Unemployment, Workers Compensation and Medical Insurance Costs

Updated: October 25, 2010

Unemployment Compensation

PEO's have been hit hard with increased unemployment tax rates all over the country. For example, in Florida most PEO's are being charged the maximum or very close to the maximum rate in Florida which currently is 5.4% of the first $7,000 of income for each employee. Florida employers who exit from a PEO after being in the relationship for two years or more will be rated at the same rate as a new business which is 2.7%, thereby saving up to 50% on their unemployment tax rate.

If your organization was stable during the economic downturn with few or no downsizing, you are now paying higher taxes than you should because you are mixed into the entire PEO pool. On the other hand, if your organization was forced to cut employees in the last two years, then you could take advantage of lowering your employment taxes by going back to being an independent company.

Before jumping off the PEO be sure you know your state laws regarding collection of unemployment taxes. Florida, and most other states, uses a calendar year in computing unemployment taxes. If an employer exits from a PEO in mid-year, the employer may be taxed twice for unemployment for the same employees. FICA taxes are also computed on a calendar year basis and could increase the employer's liability for Social Security and Medicare payments. Therefore, it would be best to wait until a January 1 to make a change.

Workers Compensation

In Florida, employers can qualify for a 7% discount on their workers compensation premiums by implementing a Drug Free Workplace and a safety program. Additionally, if the company has an exceptionally good year with few or no accidents, the organization may qualify for a premium distribution. A premium distribution is a type of rebate for having a good safety record and can be used to reduce future workers compensation premiums. These discounts and premium distribution plans are not typically offered by a PEO.

Modification rates or mod rates are determined based upon a long history of the cost of accidents in various workers compensation codes. For example, a code of 8810 is given to employees who work inside an office. In Florida the base workers compensation rate is 0.24%. In other words, you pay 24 cents in workers compensation premiums for each $100 in wages paid to an employee with this workers compensation code. For a carpenter the base rate is 10.27%. These rates are based upon a 1.0 mod rate. The mod rates of a particular organization may go up or down depending upon the safety record of the employer. If the company has a good safety record, it not only can receive the premium distribution noted above, but may also be eligible for a lower mod rate. An example would be a company that has a good safety record and may have a mod rate of 0.75. The mod rate is multiplied by the base rate to arrive a a premium rate. In the example of a carpenter, the workers compensation premium would be .75 times 10.27 or 7.70%. Having lower mod rates can result in significant savings.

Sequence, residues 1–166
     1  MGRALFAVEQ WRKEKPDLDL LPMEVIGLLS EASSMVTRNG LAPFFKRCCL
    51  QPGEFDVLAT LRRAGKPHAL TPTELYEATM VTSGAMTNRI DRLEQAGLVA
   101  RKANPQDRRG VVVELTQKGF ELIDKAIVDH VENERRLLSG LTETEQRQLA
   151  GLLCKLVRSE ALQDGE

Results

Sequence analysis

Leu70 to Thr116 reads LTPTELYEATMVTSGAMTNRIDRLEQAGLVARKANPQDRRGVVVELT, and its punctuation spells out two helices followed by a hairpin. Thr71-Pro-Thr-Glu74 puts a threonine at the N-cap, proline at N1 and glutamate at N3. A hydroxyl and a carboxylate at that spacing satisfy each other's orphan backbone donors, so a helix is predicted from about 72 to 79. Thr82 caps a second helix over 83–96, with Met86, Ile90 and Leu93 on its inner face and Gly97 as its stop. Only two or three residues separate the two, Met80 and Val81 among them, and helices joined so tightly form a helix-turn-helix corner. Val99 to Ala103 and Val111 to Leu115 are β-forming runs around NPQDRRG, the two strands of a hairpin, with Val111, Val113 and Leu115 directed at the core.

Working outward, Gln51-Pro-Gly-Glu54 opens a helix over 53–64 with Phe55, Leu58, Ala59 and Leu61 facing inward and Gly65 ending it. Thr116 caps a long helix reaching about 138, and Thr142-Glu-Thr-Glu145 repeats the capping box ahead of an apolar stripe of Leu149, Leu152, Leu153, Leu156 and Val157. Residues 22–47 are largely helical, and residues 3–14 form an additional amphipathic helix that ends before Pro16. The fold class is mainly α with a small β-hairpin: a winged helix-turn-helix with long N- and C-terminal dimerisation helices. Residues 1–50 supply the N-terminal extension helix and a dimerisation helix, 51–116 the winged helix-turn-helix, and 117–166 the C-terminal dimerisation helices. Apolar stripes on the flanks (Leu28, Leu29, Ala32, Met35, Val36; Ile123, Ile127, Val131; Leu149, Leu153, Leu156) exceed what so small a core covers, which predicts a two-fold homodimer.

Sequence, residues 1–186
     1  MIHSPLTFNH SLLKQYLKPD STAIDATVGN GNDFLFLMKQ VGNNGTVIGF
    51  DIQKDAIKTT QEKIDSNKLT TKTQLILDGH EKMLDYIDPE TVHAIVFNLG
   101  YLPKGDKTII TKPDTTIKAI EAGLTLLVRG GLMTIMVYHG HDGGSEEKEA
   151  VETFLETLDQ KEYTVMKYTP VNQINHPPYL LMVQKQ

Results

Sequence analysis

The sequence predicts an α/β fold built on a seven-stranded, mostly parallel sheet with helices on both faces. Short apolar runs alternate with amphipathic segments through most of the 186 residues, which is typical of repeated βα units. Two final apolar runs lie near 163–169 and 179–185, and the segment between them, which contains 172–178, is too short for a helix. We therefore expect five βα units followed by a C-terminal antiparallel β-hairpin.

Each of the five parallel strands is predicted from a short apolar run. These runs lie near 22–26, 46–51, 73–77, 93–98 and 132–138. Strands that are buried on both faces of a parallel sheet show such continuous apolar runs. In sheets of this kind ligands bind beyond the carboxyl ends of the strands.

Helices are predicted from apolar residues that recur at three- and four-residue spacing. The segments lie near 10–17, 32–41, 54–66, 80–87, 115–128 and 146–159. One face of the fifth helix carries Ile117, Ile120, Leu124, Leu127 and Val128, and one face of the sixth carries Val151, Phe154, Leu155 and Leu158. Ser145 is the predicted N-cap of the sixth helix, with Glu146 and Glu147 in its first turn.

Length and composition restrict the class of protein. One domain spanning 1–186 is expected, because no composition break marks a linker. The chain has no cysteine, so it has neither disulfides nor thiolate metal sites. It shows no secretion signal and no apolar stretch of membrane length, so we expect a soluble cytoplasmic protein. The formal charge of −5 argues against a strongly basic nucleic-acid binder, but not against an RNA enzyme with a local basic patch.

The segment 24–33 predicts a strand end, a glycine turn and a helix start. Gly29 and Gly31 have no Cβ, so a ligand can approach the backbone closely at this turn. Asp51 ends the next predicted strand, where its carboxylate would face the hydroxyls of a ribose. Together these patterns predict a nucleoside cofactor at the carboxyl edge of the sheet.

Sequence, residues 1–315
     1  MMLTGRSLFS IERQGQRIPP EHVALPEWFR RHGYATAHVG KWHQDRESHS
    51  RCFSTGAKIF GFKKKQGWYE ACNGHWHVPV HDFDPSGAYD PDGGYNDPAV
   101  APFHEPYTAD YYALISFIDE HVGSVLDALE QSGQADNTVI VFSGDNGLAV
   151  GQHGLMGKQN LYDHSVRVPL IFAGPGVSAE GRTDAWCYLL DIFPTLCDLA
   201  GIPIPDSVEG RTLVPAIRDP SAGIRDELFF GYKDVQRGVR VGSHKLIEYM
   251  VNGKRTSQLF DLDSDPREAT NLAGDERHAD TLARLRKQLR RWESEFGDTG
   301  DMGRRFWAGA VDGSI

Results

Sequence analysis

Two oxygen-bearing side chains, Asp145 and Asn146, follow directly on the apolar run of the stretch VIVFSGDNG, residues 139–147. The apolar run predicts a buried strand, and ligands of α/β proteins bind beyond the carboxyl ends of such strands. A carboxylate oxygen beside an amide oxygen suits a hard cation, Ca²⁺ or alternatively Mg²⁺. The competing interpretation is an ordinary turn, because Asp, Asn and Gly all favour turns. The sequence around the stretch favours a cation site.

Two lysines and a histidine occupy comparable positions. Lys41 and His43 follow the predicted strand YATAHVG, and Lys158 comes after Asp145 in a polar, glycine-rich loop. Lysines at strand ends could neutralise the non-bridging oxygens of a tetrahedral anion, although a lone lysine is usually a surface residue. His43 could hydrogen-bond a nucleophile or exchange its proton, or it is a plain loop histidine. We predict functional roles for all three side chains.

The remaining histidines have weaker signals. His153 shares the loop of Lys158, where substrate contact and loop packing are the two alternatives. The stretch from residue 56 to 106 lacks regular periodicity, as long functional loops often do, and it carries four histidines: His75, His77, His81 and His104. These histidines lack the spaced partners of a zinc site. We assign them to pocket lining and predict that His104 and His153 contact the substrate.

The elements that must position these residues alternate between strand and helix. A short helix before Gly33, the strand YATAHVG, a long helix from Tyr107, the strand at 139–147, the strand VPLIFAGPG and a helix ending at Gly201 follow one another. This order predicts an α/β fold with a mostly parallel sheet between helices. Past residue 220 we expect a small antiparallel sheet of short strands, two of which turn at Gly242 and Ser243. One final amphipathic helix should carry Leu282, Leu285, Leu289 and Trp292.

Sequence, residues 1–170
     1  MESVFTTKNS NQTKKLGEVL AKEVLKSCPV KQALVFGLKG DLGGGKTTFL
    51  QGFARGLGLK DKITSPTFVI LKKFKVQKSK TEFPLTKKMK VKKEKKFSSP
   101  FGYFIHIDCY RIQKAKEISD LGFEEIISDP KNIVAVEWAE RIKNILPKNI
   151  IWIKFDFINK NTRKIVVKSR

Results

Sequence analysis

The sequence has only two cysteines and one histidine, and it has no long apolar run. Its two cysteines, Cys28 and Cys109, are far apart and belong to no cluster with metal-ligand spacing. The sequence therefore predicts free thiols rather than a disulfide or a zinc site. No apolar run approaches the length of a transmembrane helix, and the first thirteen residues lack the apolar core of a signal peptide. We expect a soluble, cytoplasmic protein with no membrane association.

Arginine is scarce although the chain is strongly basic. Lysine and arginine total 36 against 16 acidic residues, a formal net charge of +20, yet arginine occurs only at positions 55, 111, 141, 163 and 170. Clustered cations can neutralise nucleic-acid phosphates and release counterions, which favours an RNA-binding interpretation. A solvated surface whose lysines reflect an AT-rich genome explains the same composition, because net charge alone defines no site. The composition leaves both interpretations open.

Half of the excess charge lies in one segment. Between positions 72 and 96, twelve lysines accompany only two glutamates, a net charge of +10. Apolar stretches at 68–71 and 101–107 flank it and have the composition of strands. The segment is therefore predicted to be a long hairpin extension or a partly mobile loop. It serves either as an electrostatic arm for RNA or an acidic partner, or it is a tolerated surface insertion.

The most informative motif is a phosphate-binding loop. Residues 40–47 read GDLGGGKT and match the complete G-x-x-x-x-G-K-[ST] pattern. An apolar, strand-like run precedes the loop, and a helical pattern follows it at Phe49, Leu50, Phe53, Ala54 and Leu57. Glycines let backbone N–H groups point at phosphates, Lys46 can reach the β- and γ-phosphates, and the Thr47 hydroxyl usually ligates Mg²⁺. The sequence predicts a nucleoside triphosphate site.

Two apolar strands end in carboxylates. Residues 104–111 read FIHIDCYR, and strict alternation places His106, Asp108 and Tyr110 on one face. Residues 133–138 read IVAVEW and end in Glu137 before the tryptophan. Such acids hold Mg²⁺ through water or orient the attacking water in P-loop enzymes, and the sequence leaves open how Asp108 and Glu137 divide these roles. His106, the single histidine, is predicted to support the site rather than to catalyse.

A bad safety record will raise the mod rate accordingly forcing the employer to pay a higher than average premiums. Most PEO's charge their clients a mod rate of 1.0.

Pay as your go programs in which the employer pays the workers compensation premiums on each payroll used to give PEO's an advantage. In the past couple of years, these types of programs are now common place. The advantage of a pay as you go program is that it virtually eliminates the necessity for a workers compensation audit. Under the traditional workers compensation, the amount of the premium was based on the number of employees in each code and their estimated earnings. At the end of the year, the workers compensation carrier would conduct an audit. If the employer had a good year and hired additional employees, they were often surprised a big premium adjustment. This problem has virtually disappeared with the pay as you go programs.

Medical Insurance

The primary reason the employee leasing business was formed was to enter into a co-employment relationship with the client company in which the leasing company would become the employer of record for medical insurance and other group benefits reasons. The idea was that the employee leasing company would have thousands of employees on their payroll and use this power of numbers to negotiate better rates with insurance carriers.

In most cases, this advantage has gone away as more and more companies in an employee leasing arrangement are carving out their medical benefits because the premiums offered by the PEO exceeded those that the company could get on the open market.

There are two issues here. The first is that if you are still getting your medical insurance through your PEO, you owe it to yourself to get quotes from other sources to see if the premiums you are being charged are still competitive. The second issue is the PEO charges administrative fees. In the past, an employer received such good rates on their medical insurance that they more than offset the cost of administration fees. This may longer be the case.

The bottom line is that if you have carved out your benefits with a PEO, there is more than likely no reason for your company to be in employee leasing.

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